There’s still a week to submit an idea to Louisville Fringe Festival — here’s how you do that

A festival for all things outside the box and underrepresented, the Louisville Fringe Festival is organized by Eli Keel and Nicholas Hulstine, both local performers, actors and playwrights. The Fringe Festival, which is an offshoot of other festivals held around the world, aims to provide a space for bold performing art that might not have a platform otherwise. While the multiday festival itself isn’t until Nov. 6-16 (and will be held at several venues downtown), Keel and Hulstine are currently accepting submissions, which closes on Aug. 16. There are no entry fees, so shoot your shot while you can at bringing your weirdo vision to an audience.

LEO: How can people sign up?
Eli Keel: People can find all the submission stuff by hitting up Louisville Fringe Festival on Facebook.

You do not have to have a finished project. Like, the submission form has space for a 250-word description. That’s it. That’s like five paragraphs. Don’t overthink it. Submit, and then you have like, two and a half more months to finish the work. So, don’t worry about being perfect. I mean, don’t ever worry about being perfect. Show up and suck. We suck, too.

How should people prepare?
My first advice is always don’t be afraid of failure. The No.1 thing that keeps people from being great is never trying. They want it to be perfect. Just do it. Come out and fail. You will learn so much from doing your best, even if you’re best isn’t great yet. Don’t be afraid of failure.

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Are there any entries so far that you’re excited to learn more about? Any that have piqued your interest?
The best thing we’re going to have this year is almost certainly some shit I don’t even know to be excited about. Like, it’ll be some random thing. Like, last year, it was this insane show about rape and stand-up comedy called ‘Brandy Alexander.’ It broke every rule about what should work with an audience. It was too intense for too long and asked too much from the audience. But it worked. It more than worked. It was the bravest goddamn thing I’ve ever seen.

Give me the backstory on Fringe Fest.
Fringe Festivals are something that happen all across the country. Of course, the mother of all festivals is in Edinburgh, and that’s where the concept started. The idea is that people that are doing weird stuff or that are kind of challenging norms will have a place to perform. What Nick and I sort of envisioned this festival to be, is that it’s also in some ways focused on helping out people in Louisville who are doing good work but maybe aren’t quite yet savvy enough to know that this is how you advertise something, this is how you book a space. Or, maybe even know how to do it — just don’t have the social capital or connections to kind of jump into that stuff themselves. The other idea being that if we bring a whole bunch of weird shit together in one place, they might be able to share audiences. You bring somebody that loves belly dancing to see belly dancing, and if right after that there is burlesque, maybe they’ll discover that they love that. And by putting those things together, we can combine and grow our audience. There is a phrase I’ve heard a couple of times, I’m not sure where it originated, it goes something like ‘instead of arguing over pieces of the pie, you need a bigger pie.’ The ballet isn’t my competition. Netflix is my competition.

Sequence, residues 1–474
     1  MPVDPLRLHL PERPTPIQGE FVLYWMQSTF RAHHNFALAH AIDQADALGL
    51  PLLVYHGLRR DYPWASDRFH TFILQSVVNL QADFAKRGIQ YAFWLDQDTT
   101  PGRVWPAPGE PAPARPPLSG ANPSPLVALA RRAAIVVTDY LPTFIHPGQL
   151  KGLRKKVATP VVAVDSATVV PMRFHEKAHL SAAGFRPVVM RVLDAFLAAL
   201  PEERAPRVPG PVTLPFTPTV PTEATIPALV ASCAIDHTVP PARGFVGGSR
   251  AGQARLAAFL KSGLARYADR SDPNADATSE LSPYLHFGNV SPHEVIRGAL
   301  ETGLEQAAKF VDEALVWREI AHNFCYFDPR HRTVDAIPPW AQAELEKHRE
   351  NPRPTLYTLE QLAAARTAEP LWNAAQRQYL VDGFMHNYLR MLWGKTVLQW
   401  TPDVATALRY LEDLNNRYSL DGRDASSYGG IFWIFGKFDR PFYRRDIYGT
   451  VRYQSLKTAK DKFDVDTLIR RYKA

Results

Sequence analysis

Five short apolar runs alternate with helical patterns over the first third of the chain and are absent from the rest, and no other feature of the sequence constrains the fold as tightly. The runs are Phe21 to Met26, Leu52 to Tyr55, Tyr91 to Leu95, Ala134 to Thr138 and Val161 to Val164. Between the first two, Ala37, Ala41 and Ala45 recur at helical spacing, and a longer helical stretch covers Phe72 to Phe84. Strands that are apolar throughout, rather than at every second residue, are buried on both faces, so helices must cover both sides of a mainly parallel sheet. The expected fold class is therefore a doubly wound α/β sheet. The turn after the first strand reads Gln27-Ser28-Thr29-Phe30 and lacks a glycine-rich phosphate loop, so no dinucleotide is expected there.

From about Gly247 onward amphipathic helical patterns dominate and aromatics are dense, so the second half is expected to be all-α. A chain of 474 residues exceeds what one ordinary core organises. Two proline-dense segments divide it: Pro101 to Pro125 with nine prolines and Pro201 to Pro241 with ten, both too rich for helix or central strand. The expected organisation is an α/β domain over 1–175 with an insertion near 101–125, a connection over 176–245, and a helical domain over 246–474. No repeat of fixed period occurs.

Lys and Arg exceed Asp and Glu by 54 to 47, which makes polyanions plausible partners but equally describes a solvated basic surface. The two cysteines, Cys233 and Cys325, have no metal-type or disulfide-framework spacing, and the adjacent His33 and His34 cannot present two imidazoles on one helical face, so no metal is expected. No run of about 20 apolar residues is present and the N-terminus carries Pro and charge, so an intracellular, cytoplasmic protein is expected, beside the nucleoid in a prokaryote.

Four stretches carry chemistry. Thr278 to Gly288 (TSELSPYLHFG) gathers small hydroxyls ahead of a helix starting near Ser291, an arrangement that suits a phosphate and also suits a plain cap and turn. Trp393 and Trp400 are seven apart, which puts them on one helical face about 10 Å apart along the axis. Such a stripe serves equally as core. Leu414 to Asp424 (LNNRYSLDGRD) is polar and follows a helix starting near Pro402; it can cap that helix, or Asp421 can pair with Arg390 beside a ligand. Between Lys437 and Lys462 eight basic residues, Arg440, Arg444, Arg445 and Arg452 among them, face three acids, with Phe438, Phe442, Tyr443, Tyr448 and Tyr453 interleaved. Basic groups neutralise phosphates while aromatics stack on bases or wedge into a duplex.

How did it go last year?
Last summer went pretty well. I like to say that I had done shows before, so I thought that doing 10 days of shows would be 10 times as hard as doing one day of shows. But instead it was like 100 times as hard. Fringe doesn’t just happen by itself. You have to start months and months out. You have to find artists. You have to encourage artists. One of the things that we really want to stress to the artists is that we do not expect finished pieces. We do not expect full scripts. We do not expect fully blocked shows. We expect you to fill that out, and it includes an idea. And we say, ‘Hey go for it.’

To you, what is fringe? When does something stop being fringe?
If you define what you do as being on the fringe, then come play with us. Last year, we were very excited that we were able to find time and space for every single person that applied. We are not here to say this is good and this is bad, we’re here to give every artist a time and space. 

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